StreetsPAC Endorses Jessica Haller and John Sanchez in Bronx Special Elections

Early Voting Begins Today for March 23rd Election for Vacant Council Seats

StreetsPAC today endorsed Jessica Haller in the special election for the open seat in the Bronx's 11th Council District, and John Sanchez for the open seat in the Bronx's 15th Council District.

JessicaHaller.jpgHaller, a climate activist and entrepreneur, will bring fresh thinking to the City Council about how to help get residents of her northwest Bronx district out of their cars. She supports installing bus-only lanes on Broadway, believes the City Council should consider rebates for e-bike purchases, and wants to see the city eliminate parking minimums in the Bronx. Haller will advocate for creation of a micro-transit incubator that would partner the city with tech companies to develop new concepts for enhancing mobility.

JohnSanchez.jpgSanchez, who currently serves as District Manager of Bronx Community Board 6, has made safer streets a centerpiece of his campaign. He's been vocal about the need to reduce automobile use, and would accomplish that in part by supporting new busways on Fordham Road and 3rd Avenue, and protected bike lanes throughout the 15th District. He will advocate for universally daylighting street corners to increase safety, and plans to introduce legislation to create parking benefit districts, which would return extended parking-meter revenue to communities to fund streetscape improvements.

We were also impressed by Elisa Crespo, a progressive candidate who shares Sanchez's commitment to safer streets and better public transit in the 11th District. Ultimately, we believe Sanchez will be the most vocal champion for those issues, but Crespo is a strong second choice, all the more relevant given the advent of ranked choice voting.

You can find information about voting hours and locations here, and check your registration status at nycvotersearch.com. You can learn more about how ranked choice voting works at rankthevotenyc.org.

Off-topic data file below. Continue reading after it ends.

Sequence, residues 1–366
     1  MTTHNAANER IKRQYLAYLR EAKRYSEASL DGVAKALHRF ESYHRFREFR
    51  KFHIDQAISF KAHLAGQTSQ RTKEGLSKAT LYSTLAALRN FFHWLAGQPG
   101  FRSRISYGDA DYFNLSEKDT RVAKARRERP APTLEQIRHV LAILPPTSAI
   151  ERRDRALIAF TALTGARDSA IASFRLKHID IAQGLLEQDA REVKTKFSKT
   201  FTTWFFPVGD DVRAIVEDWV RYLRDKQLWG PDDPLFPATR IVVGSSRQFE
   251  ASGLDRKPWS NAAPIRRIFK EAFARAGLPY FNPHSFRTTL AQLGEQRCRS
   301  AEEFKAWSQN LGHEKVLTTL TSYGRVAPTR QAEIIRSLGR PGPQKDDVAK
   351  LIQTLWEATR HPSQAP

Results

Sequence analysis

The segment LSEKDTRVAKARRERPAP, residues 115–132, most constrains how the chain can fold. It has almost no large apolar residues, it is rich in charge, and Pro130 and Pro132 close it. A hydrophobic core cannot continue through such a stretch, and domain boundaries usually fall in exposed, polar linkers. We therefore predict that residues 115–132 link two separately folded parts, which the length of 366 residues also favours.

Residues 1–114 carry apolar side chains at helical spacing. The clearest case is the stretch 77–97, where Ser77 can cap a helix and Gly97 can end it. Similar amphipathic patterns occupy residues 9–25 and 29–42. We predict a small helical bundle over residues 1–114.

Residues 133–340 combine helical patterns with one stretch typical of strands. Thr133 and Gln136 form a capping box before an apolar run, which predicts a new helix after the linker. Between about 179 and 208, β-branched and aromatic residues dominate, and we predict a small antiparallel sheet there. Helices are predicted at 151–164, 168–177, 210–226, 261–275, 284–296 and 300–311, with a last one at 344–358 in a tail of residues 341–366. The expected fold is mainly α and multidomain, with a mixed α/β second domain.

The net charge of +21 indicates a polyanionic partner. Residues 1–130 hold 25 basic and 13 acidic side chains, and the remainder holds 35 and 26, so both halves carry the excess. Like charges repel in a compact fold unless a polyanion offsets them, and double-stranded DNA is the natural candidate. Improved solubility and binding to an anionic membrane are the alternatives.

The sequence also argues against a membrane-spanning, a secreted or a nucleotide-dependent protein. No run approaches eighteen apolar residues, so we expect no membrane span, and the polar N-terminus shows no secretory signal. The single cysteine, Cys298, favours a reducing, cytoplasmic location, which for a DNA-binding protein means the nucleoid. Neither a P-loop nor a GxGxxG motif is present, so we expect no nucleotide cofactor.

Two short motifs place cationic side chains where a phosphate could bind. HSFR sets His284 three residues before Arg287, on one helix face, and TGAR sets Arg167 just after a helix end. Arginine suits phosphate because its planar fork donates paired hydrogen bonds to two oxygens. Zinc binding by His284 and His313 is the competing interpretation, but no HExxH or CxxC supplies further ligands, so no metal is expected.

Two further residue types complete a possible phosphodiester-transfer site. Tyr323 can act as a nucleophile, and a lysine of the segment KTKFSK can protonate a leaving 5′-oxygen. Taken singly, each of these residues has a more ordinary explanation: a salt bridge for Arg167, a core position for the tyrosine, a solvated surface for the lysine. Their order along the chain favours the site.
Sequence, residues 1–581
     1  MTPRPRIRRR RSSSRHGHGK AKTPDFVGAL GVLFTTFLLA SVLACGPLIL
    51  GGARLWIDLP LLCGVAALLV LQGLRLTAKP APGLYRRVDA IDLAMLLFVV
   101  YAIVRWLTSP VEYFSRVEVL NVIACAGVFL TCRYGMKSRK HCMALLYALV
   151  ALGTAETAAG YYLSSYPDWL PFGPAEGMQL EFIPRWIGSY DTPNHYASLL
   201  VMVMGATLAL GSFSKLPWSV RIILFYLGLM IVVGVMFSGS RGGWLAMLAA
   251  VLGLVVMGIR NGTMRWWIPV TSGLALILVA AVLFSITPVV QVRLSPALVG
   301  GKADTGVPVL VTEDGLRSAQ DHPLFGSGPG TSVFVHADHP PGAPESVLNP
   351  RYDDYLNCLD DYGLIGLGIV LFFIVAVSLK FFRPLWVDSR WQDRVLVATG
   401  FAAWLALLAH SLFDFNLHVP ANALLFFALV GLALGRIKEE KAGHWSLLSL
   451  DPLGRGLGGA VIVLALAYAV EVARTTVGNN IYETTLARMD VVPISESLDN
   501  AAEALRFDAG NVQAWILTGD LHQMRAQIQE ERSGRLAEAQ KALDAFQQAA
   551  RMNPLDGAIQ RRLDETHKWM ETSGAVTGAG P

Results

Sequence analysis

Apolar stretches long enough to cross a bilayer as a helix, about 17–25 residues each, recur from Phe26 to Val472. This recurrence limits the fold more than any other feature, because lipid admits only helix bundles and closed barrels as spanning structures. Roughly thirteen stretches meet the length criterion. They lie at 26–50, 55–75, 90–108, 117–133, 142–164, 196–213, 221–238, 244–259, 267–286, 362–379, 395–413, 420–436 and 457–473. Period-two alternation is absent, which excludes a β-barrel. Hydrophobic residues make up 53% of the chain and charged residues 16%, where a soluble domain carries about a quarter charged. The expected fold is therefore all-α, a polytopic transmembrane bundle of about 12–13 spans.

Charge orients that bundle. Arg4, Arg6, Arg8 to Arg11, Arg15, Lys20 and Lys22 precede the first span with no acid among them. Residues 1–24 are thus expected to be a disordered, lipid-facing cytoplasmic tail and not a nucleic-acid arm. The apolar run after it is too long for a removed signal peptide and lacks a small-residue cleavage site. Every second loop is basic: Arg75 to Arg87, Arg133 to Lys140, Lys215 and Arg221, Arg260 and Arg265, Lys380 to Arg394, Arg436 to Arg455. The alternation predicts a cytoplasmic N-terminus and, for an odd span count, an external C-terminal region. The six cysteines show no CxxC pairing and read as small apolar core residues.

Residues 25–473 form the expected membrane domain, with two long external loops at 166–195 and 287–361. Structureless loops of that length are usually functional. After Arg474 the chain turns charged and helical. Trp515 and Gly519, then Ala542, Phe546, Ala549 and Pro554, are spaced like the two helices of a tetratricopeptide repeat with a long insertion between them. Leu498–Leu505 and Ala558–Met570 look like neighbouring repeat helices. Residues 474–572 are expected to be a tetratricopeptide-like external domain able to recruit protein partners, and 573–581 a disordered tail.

1 reaction Share

StreetsPAC's Testimony to City Council on Crash Investigations

We submitted testimony to the New York City Council Committee on Transportation's contentious hearing yesterday on Intro 2224-2021, a bill that would transfer responsibility for crash investigations from NYPD to the Department of Transportation, among other reforms. Our testimony follows below.

StreetsPAC strongly supports Intro 2224-2021, which would transfer responsibility for investigating serious vehicular crashes from the NYPD to the Department of Transportation.

As currently constituted, the NYPD’s Collision Investigation Squad investigates only a small fraction of the crashes that result in death or serious injuries, which number in the thousands annually. And when they do investigate, the work of CIS too often fails to result in charges for drivers, and almost never leads to roadway engineering changes that could potentially prevent future crashes.

Just as bad, as StreetsPAC board member Steve Vaccaro can attest, CIS investigators too often fail to show up for what are already deeply flawed State Department of Motor Vehicle hearings, leaving killer drivers free to get back behind the wheel, and denying the families of the victims any semblance of justice.

Beyond the failure to investigate a greater number of serious crashes, CIS investigations are cloaked in secrecy, and don’t appear to result in any larger analysis of the systemic causes behind serious collisions. CIS reports don’t seem to regularly inform design changes, or to be aggregated in any meaningful way.

Intro 2224 will have multiple significant benefits. Transferring crash investigations to DOT will remove the institutional bias for drivers that has built up over years in the NYPD. The reporting requirements will greatly improve the transparency of investigations, and will lead to greater insight into the factors that cause the worst crashes. And perhaps most importantly, by linking those causes to street design, Intro 2224 will inform the types of engineering changes that can prevent future crashes, potentially saving lives and helping to advance the city’s Vision Zero efforts.

Crash investigations should be a path to justice for victims and their loved ones, and a key component of achieving Vision Zero. As currently constituted within the NYPD’s Transportation Bureau, they fail badly on both counts. In far too many cases, like those of Robyn Hightman and Mario Valenzuela, shoddy detective work has led to victim-blaming and failed to hold drivers accountable.

We have an opportunity, and indeed, a responsibility, to do better. Passing Intro 2224 is an important step in making that happen.

1 reaction Share

StreetsPAC's Testimony to City Council on Restoration of 24/7 Subway Service

We testified today during the New York City Council Committee on Transportation's remote oversight hearing on the MTA in the era of COVID-19, in support of the restoration of 24/7 subway service. Our testimony follows below.

New York City’s transit system is the engine that has driven our economy for more than 100 years. And it’s never been more important than it will be in rebuilding our economy as we recover from COVID-19.